Terrance Davis, Jr.
An Uphill Battle
At birth, Terrance was diagnosed with Down syndrome—but his health issues didn’t stop there. He also had a condition called congenital obstructive hydronephrosis. “That means that the drainage system between Terrance’s kidneys and bladder wasn’t working properly,” says Churphena Reid, MD, a pediatric urologist at Children’s Hospital of Illinois. “Urine from Terrance’s kidneys was delayed in the drainage tubes and barely draining into his bladder. This put pressure on his kidneys, so they didn’t develop properly.” Without treatment, Terrance could have lost kidney function within weeks of birth.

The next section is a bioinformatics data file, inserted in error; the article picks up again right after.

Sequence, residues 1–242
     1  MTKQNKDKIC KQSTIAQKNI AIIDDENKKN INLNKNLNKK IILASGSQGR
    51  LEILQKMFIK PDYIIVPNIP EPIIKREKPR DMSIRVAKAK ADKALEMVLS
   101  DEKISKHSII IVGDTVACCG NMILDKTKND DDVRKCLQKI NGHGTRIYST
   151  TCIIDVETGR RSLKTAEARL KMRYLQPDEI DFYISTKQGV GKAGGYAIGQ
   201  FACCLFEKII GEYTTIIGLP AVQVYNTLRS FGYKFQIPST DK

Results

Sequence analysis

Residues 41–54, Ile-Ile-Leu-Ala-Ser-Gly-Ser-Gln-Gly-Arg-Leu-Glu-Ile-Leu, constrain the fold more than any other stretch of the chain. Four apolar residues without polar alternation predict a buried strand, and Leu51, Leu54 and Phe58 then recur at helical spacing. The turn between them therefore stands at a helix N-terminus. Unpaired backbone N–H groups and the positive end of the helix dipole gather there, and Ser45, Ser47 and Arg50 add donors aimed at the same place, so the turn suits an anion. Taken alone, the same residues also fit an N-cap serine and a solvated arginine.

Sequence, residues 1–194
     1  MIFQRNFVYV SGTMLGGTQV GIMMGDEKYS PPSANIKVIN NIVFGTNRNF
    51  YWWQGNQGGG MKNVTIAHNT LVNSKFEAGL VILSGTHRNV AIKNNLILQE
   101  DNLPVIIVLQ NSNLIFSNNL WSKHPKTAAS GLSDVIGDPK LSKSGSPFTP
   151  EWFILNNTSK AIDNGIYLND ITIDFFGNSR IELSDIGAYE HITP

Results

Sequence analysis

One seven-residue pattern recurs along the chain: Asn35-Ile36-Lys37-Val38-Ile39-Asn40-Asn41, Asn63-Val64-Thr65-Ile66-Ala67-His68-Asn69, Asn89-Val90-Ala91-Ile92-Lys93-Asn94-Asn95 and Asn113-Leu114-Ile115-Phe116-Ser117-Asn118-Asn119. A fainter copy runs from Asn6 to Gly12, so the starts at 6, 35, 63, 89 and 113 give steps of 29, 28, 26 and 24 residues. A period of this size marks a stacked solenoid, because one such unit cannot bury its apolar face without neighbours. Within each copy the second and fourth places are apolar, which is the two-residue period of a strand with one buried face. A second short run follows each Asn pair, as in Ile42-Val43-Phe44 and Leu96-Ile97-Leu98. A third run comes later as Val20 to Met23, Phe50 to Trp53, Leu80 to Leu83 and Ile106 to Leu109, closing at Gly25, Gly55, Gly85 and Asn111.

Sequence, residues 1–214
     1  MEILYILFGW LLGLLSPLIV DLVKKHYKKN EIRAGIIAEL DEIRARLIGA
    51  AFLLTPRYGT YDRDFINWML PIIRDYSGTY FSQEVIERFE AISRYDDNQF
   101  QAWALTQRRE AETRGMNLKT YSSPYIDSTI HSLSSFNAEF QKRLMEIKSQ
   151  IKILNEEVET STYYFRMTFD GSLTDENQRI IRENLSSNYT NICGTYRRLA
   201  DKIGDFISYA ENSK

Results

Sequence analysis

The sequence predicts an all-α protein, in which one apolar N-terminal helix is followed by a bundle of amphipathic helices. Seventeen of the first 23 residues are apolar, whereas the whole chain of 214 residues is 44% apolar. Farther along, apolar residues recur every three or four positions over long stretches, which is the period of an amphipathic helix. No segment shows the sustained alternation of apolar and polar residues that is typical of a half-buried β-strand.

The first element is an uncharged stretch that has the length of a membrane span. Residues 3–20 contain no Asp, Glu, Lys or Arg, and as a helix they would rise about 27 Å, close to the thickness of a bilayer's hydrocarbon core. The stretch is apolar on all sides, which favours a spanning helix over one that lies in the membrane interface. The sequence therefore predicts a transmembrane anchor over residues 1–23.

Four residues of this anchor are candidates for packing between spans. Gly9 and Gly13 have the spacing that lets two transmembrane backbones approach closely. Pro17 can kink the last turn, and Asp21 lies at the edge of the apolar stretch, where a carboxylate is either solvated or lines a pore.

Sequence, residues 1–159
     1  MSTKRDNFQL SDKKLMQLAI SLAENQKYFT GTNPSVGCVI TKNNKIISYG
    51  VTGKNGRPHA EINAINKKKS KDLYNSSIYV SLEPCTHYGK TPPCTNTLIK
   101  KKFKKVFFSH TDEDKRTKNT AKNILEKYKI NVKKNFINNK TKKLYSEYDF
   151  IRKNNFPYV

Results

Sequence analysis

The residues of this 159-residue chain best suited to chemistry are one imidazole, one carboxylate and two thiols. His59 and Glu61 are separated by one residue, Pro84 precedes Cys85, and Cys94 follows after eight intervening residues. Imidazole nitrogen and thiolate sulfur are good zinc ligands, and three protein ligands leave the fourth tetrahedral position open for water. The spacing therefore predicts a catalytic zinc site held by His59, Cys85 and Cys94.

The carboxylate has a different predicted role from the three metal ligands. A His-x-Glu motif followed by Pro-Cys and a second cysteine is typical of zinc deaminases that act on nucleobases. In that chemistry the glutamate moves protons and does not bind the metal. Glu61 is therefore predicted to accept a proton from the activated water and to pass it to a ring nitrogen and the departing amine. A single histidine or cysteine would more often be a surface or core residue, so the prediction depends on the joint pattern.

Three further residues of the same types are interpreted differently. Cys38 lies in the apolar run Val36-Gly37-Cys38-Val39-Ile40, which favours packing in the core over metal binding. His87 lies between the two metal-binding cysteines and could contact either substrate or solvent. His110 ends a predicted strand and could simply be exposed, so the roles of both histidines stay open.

When Terrance was just 9 days old, Dr. Reid performed surgery to help fix the issue. “I detached Terrance’s ureter tubes so he’d urinate out of a hole in his back,” she says. “This took pressure off his kidneys to give them a chance to grow.” For a year, Terrance wore two diapers, one placed normally and the other wrapped around his back. “We called it double diaper duty,” Young says.
When Terrance turned 1, Dr. Reid performed another operation to reconnect his kidneys and bladder and close the hole in his back. The surgery was a success.
Dr. Reid attributes Terrance’s recovery to carefully coordinated teamwork at Children’s Hospital. “The care he received isn’t something that could be done at a community hospital,” she says. “It takes a full-service children’s hospital with several subspecialties to help make a child like Terrance healthy again.”